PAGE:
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Disease Hits Home

Authors: Rachel Hughes & Kirstin A. Bittel



Time: 2 days
Preparation Time:  
Materials: medical analysis cards
internet and library access

Abstract
Previously students have been introduced to a disease via a case study of the disease’s symptoms. Unable to use their typical ‘research’ approach students were asked to discern what might be causing these symptoms by asking some key questions of the teacher. In this lesson students are provided with the name of the disease, and using library and internet facilities, are asked to explore and explain the route of transmission of this disease in their specific case study. Familiar diseases are then categorized into these groups.

Objectives
Students will be able to:

i. Derive a possible method of transmission and present in a flow chart.
ii. Differentiate between different origins of disease and provide an example within a chart.
iii. Define within a classroom discussion that disease is a change in state where homeostasis is not in balance.


National Science Education Standard:
Content Standard A – Science as Inquiry
Formulate and Revise Scientific Explanations and Models Using Logic and Evidence
Student inquiries should culminate in formulating an explanation or model. Models should be physical, conceptual, and mathematical. In the process of answering the questions, the students should engage in discussions and arguments that result in the revision of their explanations. These discussions should be based on scientific knowledge, the use of logic, and evidence from their investigations.

 

 

Activity

1. Students should recap their case studies from the previous lesson. Present the students with the cards which detail the medic’s analysis. How different is their description from the reality? What was confusing?

2. Now provide students with the name of the disease and the library facilities & internet to research the disease.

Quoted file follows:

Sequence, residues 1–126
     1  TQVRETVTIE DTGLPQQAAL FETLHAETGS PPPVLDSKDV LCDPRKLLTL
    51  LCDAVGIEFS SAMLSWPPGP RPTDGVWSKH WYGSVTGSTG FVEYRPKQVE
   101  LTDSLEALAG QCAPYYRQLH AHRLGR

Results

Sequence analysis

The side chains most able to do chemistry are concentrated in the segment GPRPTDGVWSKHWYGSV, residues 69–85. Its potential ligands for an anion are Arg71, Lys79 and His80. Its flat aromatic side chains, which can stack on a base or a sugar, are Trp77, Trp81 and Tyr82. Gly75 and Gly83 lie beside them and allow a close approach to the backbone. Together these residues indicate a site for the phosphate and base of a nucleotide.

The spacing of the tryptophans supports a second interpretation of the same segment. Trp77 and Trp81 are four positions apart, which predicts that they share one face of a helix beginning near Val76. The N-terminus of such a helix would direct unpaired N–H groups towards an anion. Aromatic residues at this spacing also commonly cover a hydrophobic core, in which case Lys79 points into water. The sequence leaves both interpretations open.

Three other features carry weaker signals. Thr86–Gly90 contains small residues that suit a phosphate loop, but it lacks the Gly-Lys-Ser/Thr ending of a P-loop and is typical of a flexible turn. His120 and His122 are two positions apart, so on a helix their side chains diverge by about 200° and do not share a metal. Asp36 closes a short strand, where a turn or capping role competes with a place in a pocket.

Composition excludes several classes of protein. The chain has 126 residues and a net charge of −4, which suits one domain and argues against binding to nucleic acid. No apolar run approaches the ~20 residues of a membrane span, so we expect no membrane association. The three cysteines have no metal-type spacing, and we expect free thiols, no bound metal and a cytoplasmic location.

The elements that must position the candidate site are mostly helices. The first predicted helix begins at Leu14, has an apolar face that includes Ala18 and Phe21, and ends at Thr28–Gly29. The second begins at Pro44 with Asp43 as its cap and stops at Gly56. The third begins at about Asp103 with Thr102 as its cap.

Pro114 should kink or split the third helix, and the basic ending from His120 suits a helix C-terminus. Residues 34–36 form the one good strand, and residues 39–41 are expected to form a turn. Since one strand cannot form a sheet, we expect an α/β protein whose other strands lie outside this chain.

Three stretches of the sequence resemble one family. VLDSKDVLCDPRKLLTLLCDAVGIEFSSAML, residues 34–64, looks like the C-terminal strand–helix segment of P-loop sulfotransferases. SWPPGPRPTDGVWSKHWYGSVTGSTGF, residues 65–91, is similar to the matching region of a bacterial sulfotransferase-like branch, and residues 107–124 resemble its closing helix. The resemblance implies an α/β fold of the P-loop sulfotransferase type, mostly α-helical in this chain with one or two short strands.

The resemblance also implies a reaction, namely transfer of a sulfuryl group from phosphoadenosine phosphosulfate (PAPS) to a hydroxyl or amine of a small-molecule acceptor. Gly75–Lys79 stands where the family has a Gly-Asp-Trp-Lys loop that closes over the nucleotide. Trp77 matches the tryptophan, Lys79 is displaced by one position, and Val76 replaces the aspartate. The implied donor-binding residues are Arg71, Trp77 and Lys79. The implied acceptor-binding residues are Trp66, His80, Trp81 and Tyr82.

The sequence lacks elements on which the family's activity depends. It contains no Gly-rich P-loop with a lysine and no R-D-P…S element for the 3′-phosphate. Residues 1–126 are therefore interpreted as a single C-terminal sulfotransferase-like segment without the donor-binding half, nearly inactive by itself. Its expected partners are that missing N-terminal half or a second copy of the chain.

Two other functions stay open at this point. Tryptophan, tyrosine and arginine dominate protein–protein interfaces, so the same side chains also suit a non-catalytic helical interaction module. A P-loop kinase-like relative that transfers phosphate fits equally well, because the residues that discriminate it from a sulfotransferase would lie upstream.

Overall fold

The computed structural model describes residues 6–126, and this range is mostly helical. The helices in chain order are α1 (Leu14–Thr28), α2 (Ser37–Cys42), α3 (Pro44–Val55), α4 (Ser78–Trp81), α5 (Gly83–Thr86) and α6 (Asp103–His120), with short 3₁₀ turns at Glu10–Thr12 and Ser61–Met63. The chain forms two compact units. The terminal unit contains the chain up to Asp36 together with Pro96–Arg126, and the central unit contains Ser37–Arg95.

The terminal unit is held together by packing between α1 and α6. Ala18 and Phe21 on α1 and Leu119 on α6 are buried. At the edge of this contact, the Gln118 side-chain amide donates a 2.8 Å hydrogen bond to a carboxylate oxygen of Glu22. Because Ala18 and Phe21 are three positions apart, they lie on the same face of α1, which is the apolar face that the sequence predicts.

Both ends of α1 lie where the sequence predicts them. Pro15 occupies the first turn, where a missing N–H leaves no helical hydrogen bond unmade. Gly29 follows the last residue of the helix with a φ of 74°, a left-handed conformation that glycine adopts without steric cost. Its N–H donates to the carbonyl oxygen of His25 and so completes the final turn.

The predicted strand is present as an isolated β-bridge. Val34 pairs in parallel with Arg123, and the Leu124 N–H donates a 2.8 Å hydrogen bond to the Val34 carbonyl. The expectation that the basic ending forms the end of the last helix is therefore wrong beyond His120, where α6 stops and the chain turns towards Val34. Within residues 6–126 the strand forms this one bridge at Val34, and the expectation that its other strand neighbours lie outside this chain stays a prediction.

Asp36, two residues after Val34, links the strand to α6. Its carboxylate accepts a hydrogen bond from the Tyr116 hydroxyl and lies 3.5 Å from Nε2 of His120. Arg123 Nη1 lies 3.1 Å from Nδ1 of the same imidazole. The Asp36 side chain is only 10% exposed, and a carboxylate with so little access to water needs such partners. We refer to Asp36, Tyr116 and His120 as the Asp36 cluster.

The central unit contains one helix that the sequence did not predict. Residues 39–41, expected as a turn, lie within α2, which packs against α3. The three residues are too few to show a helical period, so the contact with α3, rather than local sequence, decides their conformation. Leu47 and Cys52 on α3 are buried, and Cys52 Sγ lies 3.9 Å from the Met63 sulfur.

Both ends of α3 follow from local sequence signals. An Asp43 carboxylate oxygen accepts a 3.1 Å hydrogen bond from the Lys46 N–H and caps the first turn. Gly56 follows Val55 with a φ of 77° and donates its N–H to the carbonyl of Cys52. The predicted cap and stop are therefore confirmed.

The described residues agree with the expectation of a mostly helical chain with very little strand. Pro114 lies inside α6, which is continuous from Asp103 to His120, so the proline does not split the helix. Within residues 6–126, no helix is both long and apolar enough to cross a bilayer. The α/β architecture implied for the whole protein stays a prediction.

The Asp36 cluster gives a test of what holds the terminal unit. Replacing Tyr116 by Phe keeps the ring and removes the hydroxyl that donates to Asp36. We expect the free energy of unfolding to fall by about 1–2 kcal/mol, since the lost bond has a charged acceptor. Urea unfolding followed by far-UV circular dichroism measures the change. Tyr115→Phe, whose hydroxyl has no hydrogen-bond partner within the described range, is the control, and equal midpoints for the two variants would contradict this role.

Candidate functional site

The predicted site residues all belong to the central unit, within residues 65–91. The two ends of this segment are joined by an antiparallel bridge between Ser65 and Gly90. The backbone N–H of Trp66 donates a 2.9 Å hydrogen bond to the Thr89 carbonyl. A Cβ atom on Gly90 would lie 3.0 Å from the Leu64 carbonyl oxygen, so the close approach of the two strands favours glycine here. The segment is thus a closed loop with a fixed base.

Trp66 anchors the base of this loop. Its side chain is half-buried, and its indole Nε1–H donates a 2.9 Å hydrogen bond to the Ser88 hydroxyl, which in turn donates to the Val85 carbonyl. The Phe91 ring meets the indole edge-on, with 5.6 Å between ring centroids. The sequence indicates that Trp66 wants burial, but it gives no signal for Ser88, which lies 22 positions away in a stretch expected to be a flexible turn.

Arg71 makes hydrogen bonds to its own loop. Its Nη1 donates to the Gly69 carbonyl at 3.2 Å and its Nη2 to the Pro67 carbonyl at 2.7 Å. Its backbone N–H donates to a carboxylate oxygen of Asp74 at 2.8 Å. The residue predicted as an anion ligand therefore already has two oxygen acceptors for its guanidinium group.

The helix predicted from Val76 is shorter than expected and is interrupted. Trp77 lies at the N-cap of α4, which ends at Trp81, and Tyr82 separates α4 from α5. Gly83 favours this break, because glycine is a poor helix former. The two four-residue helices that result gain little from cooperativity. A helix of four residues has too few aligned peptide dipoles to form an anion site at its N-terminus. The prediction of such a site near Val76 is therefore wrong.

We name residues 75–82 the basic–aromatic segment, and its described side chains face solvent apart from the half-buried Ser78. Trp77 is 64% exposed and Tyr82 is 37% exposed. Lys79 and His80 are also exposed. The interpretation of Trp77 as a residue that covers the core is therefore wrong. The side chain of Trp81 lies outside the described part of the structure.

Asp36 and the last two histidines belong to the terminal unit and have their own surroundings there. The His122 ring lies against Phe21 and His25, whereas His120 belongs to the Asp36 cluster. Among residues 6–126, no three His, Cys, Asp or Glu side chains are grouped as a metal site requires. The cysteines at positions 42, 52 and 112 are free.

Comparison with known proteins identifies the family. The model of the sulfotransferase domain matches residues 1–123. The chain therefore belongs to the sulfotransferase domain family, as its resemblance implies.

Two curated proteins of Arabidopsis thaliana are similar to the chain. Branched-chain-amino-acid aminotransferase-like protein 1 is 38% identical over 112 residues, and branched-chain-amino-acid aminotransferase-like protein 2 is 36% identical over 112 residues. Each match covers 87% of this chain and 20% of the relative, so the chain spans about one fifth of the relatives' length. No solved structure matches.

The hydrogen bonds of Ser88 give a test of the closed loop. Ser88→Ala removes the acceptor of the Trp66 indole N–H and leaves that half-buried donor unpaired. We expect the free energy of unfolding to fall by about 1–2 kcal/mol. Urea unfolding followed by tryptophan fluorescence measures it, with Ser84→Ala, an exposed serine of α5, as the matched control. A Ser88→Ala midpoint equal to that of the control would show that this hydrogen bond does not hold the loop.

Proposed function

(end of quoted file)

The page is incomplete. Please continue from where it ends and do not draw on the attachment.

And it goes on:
3. Focus the students on describing the route of transmission in a visual mode.

4. Once they have a general version of transmission of the disease based upon their research they should come up with suggestions as to how their particular case study individual might have developed this disease. In addition, students should also describe how the case study’s immediate family who live in the same home might be affected by the disease.

5. Share (drawing upon the teacher background) with the students the medical histories of some of these diseases. Many of the diseases have, until quite recently, not been fully understood. Can they think of any diseases that are not understood today? Why is it important to understand the nature of a disease? (to understand transmission; impact of disease; and ways to prevent, treat and control the disease)

6. Have students identify the different methods of transmission or initiation of disease (Genetic, Developmental, [Environmental Factor] Infectious [person-person], Infectious [vector]).

7. Draw up a chart for the class with the different groupings at the top. Elicit from students other diseases and place them into the chart.

8. Ask students what do all these diseases have in common? What does disease do to you? How would they define disease? From their definitions of disease it should be fairly straightforward to sum disease up as a state of the body where the homeostasis has been shifted off balance. Review the definition of homeostasis.

Embedded Assessment

1. Assess students’ critical thinking skills through their visual depiction of transmission of a specific disease in a flow chart.

2. Assess students’ ability to differentiate and articulate between different origins of disease and provide an example within a disease chart.

3. During a classroom discussion can students define that disease is a change in state where homeostasis is not in balance?

Embedded Assessment

 


PULSE is a project of the Community Outreach and Education Program of the Southwest Environmental Health Sciences Center and is funded by:


an
NIH/NCRR award #16260-01A1
The Community Outreach and Education Program is part of the Southwest Environmental Health Sciences Center: an NIEHS Award

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Supported by NIEHS grant # ES06694


1996-2007, The University of Arizona
Last update: November 10, 2009
  Page Content: Rachel Hughes
Web Master: Travis Biazo